Finding a mentor has long been recommended as a professional and personal development strategy.
More people than ever before desire a mentor in 2021, and more companies are attempting to provide mentoring as a learning and development effort in the workplace.
Did you know you’ll probably stay just where you are if you don’t build mutually beneficial relationships with people who are where you want to be?
Finding a mentor can help you steer forward and bridge your dreams even closer!
Before stepping out to find a mentor, it’s crucial to understand what a mentor can do for you, how mentoring relationships function, and why they’re so beneficial.
It takes time and patience to find someone who is willing to help you out.
Here are 3 different ways you can use to find a mentor.
- Look for people compatible with you
- Find the perfect match
- Start formalizing the relationship with your mentor
1) Find People Compatible with you
Don’t be afraid to have a mentor who is younger, has a different appearance, thinks differently, and isn’t always of the same gender as you.
A mentor helps you step outside your comfort zone, so this person should be a bit outside your comfort zone as well.
You don’t need a mentor who is a replica of yourself or your best buddy. To ensure that you’re getting a truly unique viewpoint on things, you’ll need diversity.
Look for a mentor who will inspire you to grow, who isn’t afraid to ask tough questions, and who will give you genuine feedback, both positive and negative.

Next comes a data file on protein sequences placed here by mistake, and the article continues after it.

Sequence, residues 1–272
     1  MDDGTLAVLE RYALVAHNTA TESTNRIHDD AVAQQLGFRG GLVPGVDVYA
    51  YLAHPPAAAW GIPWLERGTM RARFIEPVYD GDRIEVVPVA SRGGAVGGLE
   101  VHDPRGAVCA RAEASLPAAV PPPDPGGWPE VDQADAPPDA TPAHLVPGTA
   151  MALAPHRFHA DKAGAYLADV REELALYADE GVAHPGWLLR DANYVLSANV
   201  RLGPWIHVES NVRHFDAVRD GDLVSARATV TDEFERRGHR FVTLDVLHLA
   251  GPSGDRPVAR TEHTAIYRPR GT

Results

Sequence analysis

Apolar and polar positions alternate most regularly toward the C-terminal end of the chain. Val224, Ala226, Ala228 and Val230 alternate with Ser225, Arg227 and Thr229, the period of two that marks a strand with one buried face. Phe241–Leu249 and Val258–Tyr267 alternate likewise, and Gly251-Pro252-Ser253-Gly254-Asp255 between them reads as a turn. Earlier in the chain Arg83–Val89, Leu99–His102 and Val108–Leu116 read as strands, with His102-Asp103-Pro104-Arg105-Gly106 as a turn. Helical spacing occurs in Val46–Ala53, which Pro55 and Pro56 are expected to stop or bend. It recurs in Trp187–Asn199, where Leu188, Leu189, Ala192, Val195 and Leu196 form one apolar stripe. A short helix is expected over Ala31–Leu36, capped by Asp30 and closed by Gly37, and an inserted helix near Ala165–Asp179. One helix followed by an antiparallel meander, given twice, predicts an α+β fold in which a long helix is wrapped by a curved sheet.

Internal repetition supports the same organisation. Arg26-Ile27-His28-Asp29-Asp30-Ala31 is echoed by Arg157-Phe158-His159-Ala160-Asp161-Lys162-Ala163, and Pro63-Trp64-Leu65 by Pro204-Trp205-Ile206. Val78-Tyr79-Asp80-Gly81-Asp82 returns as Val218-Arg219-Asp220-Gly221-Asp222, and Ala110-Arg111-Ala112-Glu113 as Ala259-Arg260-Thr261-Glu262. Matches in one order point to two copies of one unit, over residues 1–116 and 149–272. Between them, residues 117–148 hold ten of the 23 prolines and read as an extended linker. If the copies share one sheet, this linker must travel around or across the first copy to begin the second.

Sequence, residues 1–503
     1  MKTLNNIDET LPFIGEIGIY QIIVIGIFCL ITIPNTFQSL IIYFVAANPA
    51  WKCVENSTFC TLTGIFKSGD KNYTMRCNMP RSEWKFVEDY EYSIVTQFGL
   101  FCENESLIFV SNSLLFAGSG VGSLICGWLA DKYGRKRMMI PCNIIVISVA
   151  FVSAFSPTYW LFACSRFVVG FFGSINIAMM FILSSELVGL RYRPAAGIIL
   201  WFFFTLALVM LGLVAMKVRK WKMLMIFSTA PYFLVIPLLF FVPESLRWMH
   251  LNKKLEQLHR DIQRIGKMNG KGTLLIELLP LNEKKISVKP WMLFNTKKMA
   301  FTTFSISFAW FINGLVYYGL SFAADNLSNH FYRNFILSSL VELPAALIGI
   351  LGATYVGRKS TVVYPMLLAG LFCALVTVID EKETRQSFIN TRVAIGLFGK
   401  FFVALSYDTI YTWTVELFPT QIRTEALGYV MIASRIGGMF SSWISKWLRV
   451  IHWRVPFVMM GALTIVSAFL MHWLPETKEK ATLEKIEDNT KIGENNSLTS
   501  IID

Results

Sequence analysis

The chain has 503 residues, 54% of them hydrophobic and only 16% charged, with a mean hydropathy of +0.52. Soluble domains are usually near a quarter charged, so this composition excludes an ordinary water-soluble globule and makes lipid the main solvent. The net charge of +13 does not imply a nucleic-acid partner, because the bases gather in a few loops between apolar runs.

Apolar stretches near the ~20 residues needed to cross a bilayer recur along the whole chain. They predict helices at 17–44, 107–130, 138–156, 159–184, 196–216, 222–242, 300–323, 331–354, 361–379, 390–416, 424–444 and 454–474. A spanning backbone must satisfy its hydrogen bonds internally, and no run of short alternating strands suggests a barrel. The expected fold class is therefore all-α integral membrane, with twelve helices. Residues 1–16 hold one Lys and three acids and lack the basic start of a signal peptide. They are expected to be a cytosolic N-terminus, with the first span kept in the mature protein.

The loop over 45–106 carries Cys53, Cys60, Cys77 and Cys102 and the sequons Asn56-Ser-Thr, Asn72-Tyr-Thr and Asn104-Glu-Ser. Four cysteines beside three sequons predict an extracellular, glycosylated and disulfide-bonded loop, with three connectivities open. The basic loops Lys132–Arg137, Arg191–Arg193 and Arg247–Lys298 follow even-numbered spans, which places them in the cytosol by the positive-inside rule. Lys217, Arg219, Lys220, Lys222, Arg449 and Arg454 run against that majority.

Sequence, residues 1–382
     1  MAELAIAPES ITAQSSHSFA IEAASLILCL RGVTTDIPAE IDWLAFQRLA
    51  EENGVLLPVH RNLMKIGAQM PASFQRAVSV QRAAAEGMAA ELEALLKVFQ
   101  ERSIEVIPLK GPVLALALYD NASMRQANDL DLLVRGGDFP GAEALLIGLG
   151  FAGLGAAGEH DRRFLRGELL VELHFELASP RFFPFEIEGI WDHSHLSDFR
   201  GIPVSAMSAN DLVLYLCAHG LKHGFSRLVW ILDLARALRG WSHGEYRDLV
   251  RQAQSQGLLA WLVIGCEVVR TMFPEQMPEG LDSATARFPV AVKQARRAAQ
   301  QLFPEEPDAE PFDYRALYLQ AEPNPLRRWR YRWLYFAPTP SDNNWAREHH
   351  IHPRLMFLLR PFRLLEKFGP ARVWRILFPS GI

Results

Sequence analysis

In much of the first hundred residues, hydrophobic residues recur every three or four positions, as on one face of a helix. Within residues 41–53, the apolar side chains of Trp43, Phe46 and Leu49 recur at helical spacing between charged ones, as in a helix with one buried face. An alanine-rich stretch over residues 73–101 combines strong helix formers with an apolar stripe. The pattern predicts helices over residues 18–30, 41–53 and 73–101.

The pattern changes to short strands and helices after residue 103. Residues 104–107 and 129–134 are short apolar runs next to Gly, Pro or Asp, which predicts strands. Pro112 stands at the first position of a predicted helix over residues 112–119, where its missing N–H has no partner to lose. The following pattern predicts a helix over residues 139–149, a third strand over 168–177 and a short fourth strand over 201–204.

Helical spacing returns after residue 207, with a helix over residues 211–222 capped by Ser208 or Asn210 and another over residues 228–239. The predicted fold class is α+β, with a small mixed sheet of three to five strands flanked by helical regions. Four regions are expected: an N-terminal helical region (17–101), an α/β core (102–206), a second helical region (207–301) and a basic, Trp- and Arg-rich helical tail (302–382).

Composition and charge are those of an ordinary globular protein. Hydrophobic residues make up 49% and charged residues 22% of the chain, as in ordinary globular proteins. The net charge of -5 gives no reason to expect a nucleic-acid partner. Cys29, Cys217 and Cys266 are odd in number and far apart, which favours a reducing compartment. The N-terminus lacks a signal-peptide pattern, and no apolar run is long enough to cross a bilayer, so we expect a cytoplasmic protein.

2) Find the Perfect Match
Having some form of common ground can also be beneficial because it is usually what connects individuals together.
The importance of networking cannot be underestimated. It’s essential to network, whether you’re looking for a mentor or simply want to advance in your career.
Networking has become a lot easier with the advent of the internet, but keep in mind that networking in person is arguably more effective and impactful.
You might even feel more comfortable opening up to them knowing that you don’t share the same professional circles, so there’s less risk of any future conflict.
3) Start Formalizing the Relationship
Once you’ve compiled a variety of potential mentors, the next step is to start contacting them.
You’ll need to use your networking abilities to accomplish this. This relationship is crucially significant to both of you.
You need to check in from time to time to determine if your goal or purpose needs to be adjusted in any way.
It’s crucial to see your relationship alter focus or perhaps terminate for the time being once you’ve achieved your relationship’s objective or goals.
Reaching out and asking for guidance is a far better strategy. You should respond to your mentor within the agreed-upon timeline.
Time is a valuable resource that must be used wisely!
When you hear constructive criticism, you are non-defensive and act quickly to put it into practice.
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